Fred Yoshito Kameda

Fred Yoshito Kameda
Private First Class
442nd Regimental Combat Team
3rd Battalion, I Company

Fred Yoshito Kameda was born on May 5, 1923, in Waialua, Oahu, Territory of Hawaii. He was one of nine sons of Genzo and Kazu (Tsukada) Kameda.  Genzo and Kazu arrived from Yamaguchi Prefecture, Japan, in 1899 and 1906, respectively.  Genzo worked for Waialua Agriculture Company.

Fred was educated at Waialua Elementary School and graduated from Mid-Pacific Institute in Honolulu in 1941.  While at Mid-Pac he was active in the Drama Club. He and his brothers were well-known baseball players in the pre-war years.  Fred was a pitcher on the Mid-Pacific school team.

Kameda registered for the draft on June 30, 1942, at Local Board No. 11, Waialua Fire Station, in Waialua.  At the time he was living with his family in House 68, Mill 13 in Waialua and employed as a truck helper or “engine tender” by the Waialua Agriculture Company (sugar mill).  He was 5’8” tall and weighed 152 lbs.  He listed Tom Kameda, an older brother, of Poamoho Camp in Wahiawa as his point of contact.

Private First Class Fred Yoshito Kameda enlisted in the Army at Schofield Barracks on Oahu on March 23, 1943.  His civilian occupation was listed as “accountants/auditors.”  He was a clerk at Territorial Motors Ltd. in Honolulu.  He was sent with other inductees to the tent city known as “Boom Town” at Schofield Barracks.  On March 28, they were given a community farewell at Iolani Palace.  On April 4, they sailed on the S.S. Lurline to San Francisco.  After a train trip across the US, they arrived at Camp Shelby, Mississippi, for training.  After basic training, Fred was assigned to 3rd Battalion, I Company.

After over a year of training, Fred shipped out to Europe with the 442nd on May 2, 1944, from Hampton Roads, Virginia, in a convoy of over 100 ships.  After arriving in Naples, Italy, the end of the month, the battalion spent a week at a staging area in nearby Bagnoli before leaving on LSTs for Anzio on June 6, where they marched 5 miles to a bivouac area.

From Anzio, the 442nd went to a large bivouac area at Civitavecchia, north of Rome, where they went through additional training and final preparations for going to the front lines.  While there, Fred reunited with some old buddies – Toshio Nakahara of L Company, Larry (“Cupie”) Shigeyasu and Mitsuru Watanabe of 100th Battalion, B Company, and “Eggs” Kamikawa.  They had played on the 442nd baseball team at Camp Shelby.  They “spent the whole day just talking of old times and of what we’ll soon see,” as Nakahara later wrote.

On June 26, 1944, the 442nd RCT moved forward from Civitavecchia to the front lines for their first combat engagement.  The units were in place pre-dawn; I Company pushed off at 9:00 a.m.  Two hours later they were stopped by fierce resistance from the Germans, unable to advance beyond Suvereto.  Pfc. Fred Yoshito Kameda died of wounds received during this first engagement.

For his military service, Private First Class Fred Yoshito Kameda was awarded the Bronze Star Medal, Purple Heart Medal, Good Conduct Medal, American Campaign Medal, European-African-Middle Eastern Campaign Medal with one bronze star, World War II Victory Medal, and Combat Infantryman Badge.  He was awarded the Congressional Gold Medal on October 5, 2010, along with the other veterans of the 100th/442nd Regimental Combat Team.  This is the highest Congressional Civilian Medal.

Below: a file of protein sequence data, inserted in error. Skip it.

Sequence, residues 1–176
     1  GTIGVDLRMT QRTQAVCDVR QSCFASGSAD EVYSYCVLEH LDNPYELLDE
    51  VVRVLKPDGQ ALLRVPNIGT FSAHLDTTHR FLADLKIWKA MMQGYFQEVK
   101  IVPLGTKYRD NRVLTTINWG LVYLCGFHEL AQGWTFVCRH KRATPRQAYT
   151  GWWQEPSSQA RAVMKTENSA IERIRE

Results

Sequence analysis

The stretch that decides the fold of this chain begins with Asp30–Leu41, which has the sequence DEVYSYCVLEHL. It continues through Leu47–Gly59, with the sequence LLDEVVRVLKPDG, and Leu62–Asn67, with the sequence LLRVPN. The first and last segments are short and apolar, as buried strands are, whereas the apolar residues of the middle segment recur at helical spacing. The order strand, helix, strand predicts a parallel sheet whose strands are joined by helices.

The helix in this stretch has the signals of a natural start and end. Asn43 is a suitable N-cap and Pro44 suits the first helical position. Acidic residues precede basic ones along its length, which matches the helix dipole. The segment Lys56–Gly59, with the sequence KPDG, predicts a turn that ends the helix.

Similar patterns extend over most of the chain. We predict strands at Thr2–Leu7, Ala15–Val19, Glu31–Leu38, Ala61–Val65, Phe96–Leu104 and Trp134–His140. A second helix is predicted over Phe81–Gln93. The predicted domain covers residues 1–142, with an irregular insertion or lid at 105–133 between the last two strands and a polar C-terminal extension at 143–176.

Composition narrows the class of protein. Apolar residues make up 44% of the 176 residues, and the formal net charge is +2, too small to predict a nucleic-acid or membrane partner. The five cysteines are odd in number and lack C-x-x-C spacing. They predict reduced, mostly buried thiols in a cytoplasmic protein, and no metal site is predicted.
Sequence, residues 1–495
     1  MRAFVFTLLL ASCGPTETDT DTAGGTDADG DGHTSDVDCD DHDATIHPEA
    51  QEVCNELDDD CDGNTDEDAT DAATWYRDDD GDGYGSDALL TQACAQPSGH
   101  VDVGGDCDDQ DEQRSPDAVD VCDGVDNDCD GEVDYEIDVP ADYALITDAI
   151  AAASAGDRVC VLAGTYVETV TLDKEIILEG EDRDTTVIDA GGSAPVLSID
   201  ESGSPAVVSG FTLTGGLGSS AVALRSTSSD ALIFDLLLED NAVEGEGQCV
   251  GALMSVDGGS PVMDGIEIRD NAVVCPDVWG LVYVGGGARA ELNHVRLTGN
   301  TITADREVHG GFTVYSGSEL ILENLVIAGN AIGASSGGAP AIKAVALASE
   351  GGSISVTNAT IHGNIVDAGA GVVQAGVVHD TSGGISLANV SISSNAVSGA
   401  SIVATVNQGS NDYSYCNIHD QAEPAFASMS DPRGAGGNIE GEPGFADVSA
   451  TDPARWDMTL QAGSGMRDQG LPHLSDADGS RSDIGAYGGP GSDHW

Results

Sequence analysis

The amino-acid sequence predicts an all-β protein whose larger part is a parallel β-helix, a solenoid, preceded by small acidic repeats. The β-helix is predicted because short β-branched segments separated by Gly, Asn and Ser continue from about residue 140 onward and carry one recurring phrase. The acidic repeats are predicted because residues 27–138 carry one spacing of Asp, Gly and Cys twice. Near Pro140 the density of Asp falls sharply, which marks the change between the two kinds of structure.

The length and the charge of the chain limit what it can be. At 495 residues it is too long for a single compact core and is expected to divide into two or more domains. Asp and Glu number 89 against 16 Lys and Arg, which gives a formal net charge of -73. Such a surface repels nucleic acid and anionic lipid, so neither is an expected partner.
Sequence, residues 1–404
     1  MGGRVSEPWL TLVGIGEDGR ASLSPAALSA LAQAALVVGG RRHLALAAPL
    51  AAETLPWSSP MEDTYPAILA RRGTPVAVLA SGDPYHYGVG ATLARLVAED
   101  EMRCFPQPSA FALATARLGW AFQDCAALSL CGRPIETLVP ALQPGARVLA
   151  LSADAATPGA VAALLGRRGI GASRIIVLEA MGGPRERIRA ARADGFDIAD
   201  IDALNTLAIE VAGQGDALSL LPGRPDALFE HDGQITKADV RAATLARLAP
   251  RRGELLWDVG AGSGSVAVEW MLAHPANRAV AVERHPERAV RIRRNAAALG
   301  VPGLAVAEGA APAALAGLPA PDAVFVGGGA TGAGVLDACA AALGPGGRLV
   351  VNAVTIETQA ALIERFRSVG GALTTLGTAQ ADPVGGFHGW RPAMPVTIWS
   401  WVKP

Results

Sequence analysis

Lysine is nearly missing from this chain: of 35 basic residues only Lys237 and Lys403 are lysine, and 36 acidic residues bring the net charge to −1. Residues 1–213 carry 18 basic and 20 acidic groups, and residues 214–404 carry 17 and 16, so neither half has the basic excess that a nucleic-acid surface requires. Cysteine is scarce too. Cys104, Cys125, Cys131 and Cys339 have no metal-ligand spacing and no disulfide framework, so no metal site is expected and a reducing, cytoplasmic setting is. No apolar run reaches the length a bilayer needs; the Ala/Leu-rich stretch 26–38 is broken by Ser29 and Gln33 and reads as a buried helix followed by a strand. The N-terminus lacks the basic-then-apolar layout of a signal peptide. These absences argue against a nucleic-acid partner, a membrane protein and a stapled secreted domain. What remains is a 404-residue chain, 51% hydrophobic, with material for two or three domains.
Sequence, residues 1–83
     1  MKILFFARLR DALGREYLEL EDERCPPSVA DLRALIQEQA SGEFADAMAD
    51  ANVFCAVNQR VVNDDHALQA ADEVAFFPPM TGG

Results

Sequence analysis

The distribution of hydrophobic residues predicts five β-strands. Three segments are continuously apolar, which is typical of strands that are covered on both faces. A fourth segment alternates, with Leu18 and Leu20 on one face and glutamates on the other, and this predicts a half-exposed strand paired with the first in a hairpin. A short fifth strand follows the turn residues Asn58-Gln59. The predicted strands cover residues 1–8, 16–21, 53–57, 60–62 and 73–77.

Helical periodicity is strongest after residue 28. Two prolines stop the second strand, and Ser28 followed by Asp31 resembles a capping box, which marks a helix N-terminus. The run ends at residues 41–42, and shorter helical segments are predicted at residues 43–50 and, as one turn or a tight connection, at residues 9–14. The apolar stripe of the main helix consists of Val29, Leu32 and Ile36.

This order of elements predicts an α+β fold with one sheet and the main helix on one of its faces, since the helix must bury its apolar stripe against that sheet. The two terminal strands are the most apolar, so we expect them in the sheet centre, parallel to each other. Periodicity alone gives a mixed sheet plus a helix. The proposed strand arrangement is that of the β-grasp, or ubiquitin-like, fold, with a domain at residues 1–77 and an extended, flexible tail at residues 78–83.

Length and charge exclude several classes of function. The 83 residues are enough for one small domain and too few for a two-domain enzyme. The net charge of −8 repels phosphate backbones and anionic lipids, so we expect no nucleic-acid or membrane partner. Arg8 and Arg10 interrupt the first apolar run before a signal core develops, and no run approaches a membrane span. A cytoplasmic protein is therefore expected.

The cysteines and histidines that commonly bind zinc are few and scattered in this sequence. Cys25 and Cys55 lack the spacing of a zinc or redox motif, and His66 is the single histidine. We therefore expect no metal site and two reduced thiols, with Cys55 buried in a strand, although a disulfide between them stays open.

Pfc. Kameda was interred at the U.S. Army Cemetery at Tarquinia, Italy.  His family held a memorial service for him on July 30, 1944, at the Waialua Hongwanji Mission.

On December 9, 1945, a memorial service for 266 war dead of the 100th/442nd, including Kameda, was held at McKinley High School auditorium in Honolulu.  The service was sponsored by the 100th Battalion and the 442nd veterans, the Women’s War Service Committee, and the Emergency Service Committee.  Lt. General Robert C. Richardson gave the main address.

In 1948 the remains of Americans buried overseas began slowly to return to the US, if the family so wished.  As a result, on April 21, 1949, Pfc. Fred Y. Kameda arrived home.  The USAT Sergeant Jack J. Pendleton brought back 134 men, arriving at Honolulu Harbor’s Kapalama Basin.  There were hundreds of family and friends present to attend the dockside service.  The Secretary of Hawaii, Oren E. Long, officiated, the 264th Army Band played, and military Chaplains participated.  The caskets were retained in the Army mausoleum on Oahu pending funeral arrangements.

On May 30, 1949, Kameda was one of sixteen fallen soldiers from Waialua and Kahuku who were memorialized at a service held at the Memorial Tower in Waialua Park.  The service was sponsored by the Waialua Lions Club, 100th and 442nd Veterans Clubs, Waialua National Guard, and local post of the American Legion.

Private First Class Fred Yoshito Kameda was interred on July 28, 1949, at the National Memorial Cemetery of the Pacific at Punchbowl in Honolulu, Section D, Site 366.  On August 2 his family published a Card of Thanks in the newspaper expressing their gratitude for all the kindnesses and floral offerings they had received.  His government gravestone was ordered from West Chelmsford, Massachusetts, on January 13, 1950.

His brother Akio Donald Kameda also served in the 442nd in I Company.  Brother Kazumi Robert Kameda served in Military Intelligence during World War II.

Excerpts taken from In Freedom’s Cause:  A Record of the Men of Hawaii Who Died in the Second World War (1949)  with permission from The University of Hawaii Press.

Original Biography prepared by Americans of Japanese Ancestry World War II Memorial Alliance, and provided courtesy of Japanese American Living Legacy (

Researched and rewritten by 442nd S&D 5/31/2021.

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